Thursday, February 12, 2009

The paperless classroom

Remember the paperless office from the nineties? It never happened. We thought that by using computers and the net we wouldn't need shelves full of ring files and heaps of paper on the desk. Yet here we are today and most offices I know, including my own, are still full of paper. Why do we keep printing so many unnecessary copies?

There's a blog called Teach Paperless that gives practical tips on how to reduce the vast amount of paper used in education. According to calculations, the money saved by not printing and copying would finance the purchase of the laptops and resources required to make the paper copies useless. Evidently schools in Los Angeles get through 75,600 tons of paper a year. There's an article from The Guardian last year with a good example of a school in Scotland that went paperless.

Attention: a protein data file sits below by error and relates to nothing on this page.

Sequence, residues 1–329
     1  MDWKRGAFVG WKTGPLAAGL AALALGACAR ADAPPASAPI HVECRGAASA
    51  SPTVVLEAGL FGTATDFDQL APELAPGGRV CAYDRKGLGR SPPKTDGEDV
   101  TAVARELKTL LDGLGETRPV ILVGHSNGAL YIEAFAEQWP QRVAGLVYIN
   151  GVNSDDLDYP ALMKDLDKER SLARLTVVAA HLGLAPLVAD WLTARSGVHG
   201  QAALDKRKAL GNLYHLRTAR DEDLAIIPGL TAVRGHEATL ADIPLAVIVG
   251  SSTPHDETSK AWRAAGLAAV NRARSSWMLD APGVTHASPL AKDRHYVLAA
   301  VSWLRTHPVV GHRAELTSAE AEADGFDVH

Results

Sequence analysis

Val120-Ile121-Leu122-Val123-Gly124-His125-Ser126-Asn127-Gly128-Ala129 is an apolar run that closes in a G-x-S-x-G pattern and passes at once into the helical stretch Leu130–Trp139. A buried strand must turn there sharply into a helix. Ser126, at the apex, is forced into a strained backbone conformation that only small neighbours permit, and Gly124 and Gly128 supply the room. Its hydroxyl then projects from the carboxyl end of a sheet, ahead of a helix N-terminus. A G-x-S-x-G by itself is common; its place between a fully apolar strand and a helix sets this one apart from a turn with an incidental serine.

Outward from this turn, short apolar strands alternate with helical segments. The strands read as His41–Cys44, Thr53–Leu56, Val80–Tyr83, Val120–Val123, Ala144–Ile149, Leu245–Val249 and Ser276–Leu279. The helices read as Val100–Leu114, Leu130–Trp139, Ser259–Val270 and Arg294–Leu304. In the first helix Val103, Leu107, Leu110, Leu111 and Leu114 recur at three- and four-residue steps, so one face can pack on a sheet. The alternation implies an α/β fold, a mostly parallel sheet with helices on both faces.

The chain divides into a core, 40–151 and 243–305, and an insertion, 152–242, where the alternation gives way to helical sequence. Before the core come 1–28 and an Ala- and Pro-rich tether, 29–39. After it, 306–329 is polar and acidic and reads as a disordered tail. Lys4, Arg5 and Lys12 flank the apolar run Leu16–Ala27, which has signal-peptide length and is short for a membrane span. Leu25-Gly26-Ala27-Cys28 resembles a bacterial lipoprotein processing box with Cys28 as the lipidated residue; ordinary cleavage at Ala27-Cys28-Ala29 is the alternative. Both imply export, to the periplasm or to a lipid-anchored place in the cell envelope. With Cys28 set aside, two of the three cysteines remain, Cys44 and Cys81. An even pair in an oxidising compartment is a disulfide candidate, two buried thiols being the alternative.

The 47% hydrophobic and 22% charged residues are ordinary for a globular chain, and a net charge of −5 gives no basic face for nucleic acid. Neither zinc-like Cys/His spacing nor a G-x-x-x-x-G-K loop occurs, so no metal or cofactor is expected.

Many people find it hard to read longer articles on a screen but new e-book readers are coming out that seem to solve some of these issues. Old habits die hard but I'm sure we could all make a difference if we stopped for a moment and thought before we hit the print button.

1 comment:

  1. As much as the dream of an entirely paperless office never fully materialized, there are still many options for digital document management that can take the so called "paper weight" off of an office's front-end.